Data Privacy and Transparency
Updated: Oct 31, 2018
So we’ve had a really interesting couple of weeks!
We were one of the 10 finalists in Women Who Tech and as part of the (fantastic) program Mozilla took us through their Lean Data Practice principles before we set off to pitch our company and our approach to data in Paris.
It was amazing.
Mozilla have three key principles on data:
Stay lean - question what you collect, why and how long you keep it
Build security - protect your customer and users data as best as possible
Engage your users - keep people informed and empowered over their data
As a company we immediately fell in love with this idea. Especially engaging users. In healthcare it is rare for people to have easy access to their data. Sure in theory we could write to our healthcare provider to ask them for our medical records but who does? And doesn’t that stop people from fully engaging in their health?
Empowering patients with their own healthcare data has been one of our passions since the beginning and even more so after Mozilla’s introduction to Lean Data Practices.
In the end we were awarded the Mozilla prize for data security and transparency for our approach to engaging patients with their own data.
“By providing patients with access to their data in a useful way, Vitrue offers us an example of how creating new data — even personal data — can be quite positive when it is handled well” - Mitchell Baker (Mozilla cofounder and Chairwoman)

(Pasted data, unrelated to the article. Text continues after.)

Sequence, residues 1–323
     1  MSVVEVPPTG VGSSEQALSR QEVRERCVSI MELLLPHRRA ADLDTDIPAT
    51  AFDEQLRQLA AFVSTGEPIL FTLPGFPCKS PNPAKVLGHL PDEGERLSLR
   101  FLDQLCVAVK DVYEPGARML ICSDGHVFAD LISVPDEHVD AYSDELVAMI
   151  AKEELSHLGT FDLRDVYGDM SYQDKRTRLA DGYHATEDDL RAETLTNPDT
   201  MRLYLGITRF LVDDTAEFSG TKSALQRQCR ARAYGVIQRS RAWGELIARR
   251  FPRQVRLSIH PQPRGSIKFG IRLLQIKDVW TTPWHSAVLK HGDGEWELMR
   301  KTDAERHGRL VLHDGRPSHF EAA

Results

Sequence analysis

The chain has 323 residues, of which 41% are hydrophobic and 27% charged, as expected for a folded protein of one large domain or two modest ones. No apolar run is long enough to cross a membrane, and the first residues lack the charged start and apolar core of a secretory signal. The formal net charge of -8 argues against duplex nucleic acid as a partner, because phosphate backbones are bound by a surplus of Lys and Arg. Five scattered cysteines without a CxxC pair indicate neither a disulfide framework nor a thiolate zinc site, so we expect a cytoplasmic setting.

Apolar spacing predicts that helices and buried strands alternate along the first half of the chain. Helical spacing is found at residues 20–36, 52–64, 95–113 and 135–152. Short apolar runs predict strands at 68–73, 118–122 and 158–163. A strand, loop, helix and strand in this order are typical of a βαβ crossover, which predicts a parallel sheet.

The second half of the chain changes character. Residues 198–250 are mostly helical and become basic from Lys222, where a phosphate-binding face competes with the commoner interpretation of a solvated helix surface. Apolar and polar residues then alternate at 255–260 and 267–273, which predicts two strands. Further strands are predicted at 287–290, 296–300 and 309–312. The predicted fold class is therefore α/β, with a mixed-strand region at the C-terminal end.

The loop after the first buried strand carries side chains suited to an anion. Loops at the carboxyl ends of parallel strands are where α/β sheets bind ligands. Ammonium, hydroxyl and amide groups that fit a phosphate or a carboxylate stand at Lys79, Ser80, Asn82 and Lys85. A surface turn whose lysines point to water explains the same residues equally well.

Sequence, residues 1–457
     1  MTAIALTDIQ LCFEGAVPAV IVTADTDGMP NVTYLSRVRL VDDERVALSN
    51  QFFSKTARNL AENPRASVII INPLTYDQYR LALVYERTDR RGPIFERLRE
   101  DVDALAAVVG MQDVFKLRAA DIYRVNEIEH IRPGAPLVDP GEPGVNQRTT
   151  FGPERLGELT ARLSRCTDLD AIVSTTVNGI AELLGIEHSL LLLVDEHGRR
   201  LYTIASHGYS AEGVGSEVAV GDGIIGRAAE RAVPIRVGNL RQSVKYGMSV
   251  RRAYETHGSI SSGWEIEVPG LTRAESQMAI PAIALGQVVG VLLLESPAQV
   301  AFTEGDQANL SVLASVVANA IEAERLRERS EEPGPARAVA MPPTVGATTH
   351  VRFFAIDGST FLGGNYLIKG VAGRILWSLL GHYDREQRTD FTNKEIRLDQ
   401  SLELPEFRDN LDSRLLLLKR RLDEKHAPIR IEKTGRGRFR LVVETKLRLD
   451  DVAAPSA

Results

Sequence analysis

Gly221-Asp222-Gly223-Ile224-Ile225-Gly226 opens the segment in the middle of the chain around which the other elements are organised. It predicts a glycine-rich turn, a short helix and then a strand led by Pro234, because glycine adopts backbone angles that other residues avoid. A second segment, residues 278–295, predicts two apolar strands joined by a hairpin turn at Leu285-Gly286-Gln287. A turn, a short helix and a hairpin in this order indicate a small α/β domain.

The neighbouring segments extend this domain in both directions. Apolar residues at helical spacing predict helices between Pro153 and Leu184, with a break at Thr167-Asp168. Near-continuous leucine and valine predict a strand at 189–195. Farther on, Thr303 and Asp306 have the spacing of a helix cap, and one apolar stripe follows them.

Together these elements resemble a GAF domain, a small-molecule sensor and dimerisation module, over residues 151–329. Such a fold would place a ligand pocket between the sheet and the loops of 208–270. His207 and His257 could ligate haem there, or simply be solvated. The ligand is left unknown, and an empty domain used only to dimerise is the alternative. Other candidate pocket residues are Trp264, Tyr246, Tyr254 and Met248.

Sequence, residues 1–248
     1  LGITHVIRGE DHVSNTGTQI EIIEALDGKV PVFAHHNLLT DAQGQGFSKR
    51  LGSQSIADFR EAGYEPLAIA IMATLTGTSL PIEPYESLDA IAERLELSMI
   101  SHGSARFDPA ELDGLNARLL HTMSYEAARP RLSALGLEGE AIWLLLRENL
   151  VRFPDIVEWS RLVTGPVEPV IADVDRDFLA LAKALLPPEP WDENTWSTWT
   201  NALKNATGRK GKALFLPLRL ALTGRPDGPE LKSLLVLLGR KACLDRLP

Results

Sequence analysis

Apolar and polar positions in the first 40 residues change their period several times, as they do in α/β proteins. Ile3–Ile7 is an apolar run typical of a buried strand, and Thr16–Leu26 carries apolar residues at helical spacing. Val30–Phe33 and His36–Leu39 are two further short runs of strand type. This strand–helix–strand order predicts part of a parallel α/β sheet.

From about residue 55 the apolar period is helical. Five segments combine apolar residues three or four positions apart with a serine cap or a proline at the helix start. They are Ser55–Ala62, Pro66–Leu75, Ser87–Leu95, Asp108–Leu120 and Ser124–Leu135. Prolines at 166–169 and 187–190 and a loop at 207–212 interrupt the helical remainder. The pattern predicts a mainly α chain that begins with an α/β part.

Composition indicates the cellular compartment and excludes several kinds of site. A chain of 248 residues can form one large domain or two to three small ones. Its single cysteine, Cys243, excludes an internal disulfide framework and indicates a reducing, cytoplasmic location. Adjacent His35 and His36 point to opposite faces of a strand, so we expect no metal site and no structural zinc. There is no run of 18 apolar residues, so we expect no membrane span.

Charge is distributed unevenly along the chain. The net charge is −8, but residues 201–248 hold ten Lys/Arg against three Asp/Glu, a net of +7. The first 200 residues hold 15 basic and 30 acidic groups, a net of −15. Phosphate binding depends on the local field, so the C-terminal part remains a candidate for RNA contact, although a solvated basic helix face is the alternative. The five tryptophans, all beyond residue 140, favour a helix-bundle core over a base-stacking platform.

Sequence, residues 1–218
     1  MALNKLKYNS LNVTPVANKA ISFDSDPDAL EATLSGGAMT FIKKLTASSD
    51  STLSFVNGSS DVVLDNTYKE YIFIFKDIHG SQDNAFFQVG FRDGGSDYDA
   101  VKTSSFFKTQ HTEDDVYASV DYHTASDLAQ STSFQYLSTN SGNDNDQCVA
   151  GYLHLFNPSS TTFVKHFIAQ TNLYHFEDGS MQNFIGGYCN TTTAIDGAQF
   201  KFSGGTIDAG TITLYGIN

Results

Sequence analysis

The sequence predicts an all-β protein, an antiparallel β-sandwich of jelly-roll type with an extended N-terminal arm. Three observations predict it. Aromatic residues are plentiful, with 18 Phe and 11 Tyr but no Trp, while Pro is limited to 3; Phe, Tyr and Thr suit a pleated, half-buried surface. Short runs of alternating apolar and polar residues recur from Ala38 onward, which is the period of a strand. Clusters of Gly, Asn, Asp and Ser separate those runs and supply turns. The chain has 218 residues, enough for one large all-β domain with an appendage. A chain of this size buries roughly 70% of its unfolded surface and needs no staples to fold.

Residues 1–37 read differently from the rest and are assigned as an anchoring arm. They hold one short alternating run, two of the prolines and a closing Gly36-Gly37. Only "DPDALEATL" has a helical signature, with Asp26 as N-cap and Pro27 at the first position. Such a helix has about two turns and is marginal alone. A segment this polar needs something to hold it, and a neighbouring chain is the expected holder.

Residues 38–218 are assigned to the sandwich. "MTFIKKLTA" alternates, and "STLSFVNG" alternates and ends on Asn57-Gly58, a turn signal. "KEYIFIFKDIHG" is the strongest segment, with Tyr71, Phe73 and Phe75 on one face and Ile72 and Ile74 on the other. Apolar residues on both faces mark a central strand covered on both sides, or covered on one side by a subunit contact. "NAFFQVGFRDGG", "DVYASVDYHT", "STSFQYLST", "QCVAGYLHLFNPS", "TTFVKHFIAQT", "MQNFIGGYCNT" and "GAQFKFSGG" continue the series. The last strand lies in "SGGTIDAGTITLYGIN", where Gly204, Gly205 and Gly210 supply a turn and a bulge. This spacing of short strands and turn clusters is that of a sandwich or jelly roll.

We aim to make data a positive thing by treating it right - making sure that patients can access and understand their own data, give informed consent and have a full understanding of who has access to it. This may not seem all that novel except with the rise of internet giants there are huge amounts of data about each of us out there and it doesn’t feel like we have any control or even idea where it is going (we’re looking at you Cambridge Analytica). As new digital health tools come out we need to get this right.
We also need to constantly re-examine these processes. Yes opt in seems like the best route for us right now, but there’s great research being done checking that.
This is why companies like Mozilla are super important and we hope to follow in their footsteps in making data a thing that our users own and control. Of course we would love it if people chose to share their anonymised data with us so that we can keep improving our clinical assessment algorithms but our philosophy is that users own their own data and they can choose to share with us because they want to improve healthcare just like we do rather than them having to give it to us to use our services.
We are honoured to have been recognised by Mozilla as someone working towards a more positive relationship between people and their data and we will always try to live by that approach.